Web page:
Get Inspired, Be Empowered Forums Feminism Gloria Steinem on the role of women of color in the suffrage movement

2 replies, 2 voices Last updated by Manpreet Singh 2 years, 6 months ago
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    PALAK KASHIV
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    Gloria Steinem is an American feminist from five decades she was a second-wave feminist, she contributed a lot to the role of women of color in the suffrage movement. The suffrage movements were basically a decades-long fight for getting women’s voting rights in the united states of America. Gloria Steinem has always raised their voice for black women they should also get equal rights without any partiality. Gloria Steinem was known as a woman of color, she explained that sexism and racism are interrelated, she stood up for black women and her voice to stop doing racism all women deserve equal rights and liberty. The suffragist approach was that women and men deserve equal rights because men and women were created equally. She was a feminist writer and author and activist. The movement included women who which we very few times, black suffragists and native Americans, Latina women, and other such women. Steinem’s life has been dedicated to women’s rights, she toured many countries as a spokesperson and gave speeches. She wrote many articles about women’s rights and try to showcase how one can change this. Gloria Steinem was the co-founder of the MS magazine. With this magazine, they tried to nurture the minds of young feminists through their magazine. She is also part of many black women communities she tells the story and inspires women. She did very amazing work for feminism.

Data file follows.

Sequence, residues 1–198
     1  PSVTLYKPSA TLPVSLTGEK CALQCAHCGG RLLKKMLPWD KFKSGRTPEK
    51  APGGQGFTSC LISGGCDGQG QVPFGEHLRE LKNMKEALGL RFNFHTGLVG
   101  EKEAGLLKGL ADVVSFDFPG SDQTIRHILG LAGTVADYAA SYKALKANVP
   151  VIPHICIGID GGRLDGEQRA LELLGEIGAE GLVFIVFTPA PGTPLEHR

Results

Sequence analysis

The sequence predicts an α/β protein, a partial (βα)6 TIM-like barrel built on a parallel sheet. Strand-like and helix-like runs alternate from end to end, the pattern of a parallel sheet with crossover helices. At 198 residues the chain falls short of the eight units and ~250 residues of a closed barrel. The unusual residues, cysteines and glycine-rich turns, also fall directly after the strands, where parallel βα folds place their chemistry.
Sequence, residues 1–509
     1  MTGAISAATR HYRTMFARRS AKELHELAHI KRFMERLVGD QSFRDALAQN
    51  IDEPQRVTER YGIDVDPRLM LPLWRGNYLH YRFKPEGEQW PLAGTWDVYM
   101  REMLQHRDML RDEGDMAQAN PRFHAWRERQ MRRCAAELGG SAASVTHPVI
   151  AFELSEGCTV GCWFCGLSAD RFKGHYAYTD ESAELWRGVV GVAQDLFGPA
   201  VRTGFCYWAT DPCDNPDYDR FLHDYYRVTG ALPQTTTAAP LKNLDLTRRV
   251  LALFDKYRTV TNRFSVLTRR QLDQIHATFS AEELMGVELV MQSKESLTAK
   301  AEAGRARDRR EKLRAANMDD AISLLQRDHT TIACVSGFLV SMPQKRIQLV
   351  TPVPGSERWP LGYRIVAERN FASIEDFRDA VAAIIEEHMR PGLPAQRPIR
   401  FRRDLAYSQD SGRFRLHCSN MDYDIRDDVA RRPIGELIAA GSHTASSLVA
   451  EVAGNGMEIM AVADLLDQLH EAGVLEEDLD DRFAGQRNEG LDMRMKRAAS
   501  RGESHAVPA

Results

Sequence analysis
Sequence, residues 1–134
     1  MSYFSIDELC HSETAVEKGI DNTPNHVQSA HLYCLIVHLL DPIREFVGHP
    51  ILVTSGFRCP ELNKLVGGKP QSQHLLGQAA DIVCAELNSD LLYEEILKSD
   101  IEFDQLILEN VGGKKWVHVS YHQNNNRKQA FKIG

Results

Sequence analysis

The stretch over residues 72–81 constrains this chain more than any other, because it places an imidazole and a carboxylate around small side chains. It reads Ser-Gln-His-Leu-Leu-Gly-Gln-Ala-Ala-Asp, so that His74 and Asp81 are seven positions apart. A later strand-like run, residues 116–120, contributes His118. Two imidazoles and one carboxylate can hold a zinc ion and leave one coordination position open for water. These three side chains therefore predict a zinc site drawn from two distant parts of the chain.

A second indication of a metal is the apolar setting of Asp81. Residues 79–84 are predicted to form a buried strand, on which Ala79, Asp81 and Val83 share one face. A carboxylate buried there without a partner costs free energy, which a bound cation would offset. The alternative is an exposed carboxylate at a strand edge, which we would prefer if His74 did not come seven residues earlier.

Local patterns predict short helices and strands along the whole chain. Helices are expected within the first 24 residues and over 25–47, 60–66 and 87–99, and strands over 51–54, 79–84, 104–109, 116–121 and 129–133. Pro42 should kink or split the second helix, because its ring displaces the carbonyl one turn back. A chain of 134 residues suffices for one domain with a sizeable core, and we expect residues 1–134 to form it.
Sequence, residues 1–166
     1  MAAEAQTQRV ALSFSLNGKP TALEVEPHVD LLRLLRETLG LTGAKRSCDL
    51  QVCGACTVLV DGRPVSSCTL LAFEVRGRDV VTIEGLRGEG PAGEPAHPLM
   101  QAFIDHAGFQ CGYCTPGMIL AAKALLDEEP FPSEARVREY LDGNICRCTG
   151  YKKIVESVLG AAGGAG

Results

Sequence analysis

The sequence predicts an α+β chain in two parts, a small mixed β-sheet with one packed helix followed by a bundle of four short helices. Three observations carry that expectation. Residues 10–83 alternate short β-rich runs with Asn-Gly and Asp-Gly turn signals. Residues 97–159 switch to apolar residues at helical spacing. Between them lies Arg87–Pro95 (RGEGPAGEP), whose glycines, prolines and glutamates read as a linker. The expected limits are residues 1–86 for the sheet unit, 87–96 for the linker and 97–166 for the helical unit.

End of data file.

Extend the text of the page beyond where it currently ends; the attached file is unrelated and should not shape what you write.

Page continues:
Manpreet Singh
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    Gloria Steinem grew up in her humble Ohio youth into a renowned reporter, leading feminist and, at the end of 20th and the beginning of 21st century one of the most visible, enthusiastic leaders and vocal spokespeople of the women’s rights movement. Steinem, the second son and daughter of Leo and Ruth Steinem, was born on 25 March 1934 in Toledo, Ohio. Her dad worked as a salesman for travelling. His parents split in 1944 and in Toledo he left a young Steinem to look after his poorly mental mother. Steinem began her professional career, publishing freelance works for numerous newspapers as a writer in New York. The fact that men ruled the newsroom and women were mainly relocated to Secretarial and behind-the-scenes research tasks was toughened for women in the last 1950s and 1960s. Steinem’s early papers tended to be for “women’s pages,” lifestyle or service elements, which were then known as nylon stuff, in terms of female-centered subjects or fashion.

    Steinem’s life was devoted to the cause of the rights of women as she conducted demonstrations and traveled over the country as a requested speaker. In 1972, the National Women’s Political Caucus was created by Steinem, feminist Congresswoman Bella Abzug, Ms. Shirley Chisholm, and Ms. Betty Friedan. It continues to promote gender equality and ensure that more women are elected to public office on an equal footing. She was also a leader in the women’s movement in 1969 in Steinem’s essay “Following Black power, women’s liberation.” The ’70s amendment to Equal Rights was aimed at promoting legal gender equality and preventing discrimination on the basis of sex. The Senate adopted the momentous amendment but, after a Conservative backlash at the heart of Mrs. America, the minimum number of states failed to ratify it.

    Steinem is a famous proponent of freedom of reproduction but the problem also goes hand in hand. At the age of 22, she was pregnant and in London in 1957 tried to get an abortion before it would be allowed for England. She was inspired to speak years later about her experience in an abortion. In 2020, where is Gloria Steinem? Naturally, she continues to work untiringly. When she was 86, Steinem called hopeaholic and didn’t give up her light. Steinem regularly makes statements and comments on current events, from the #MeToo movement to the President of Trump.

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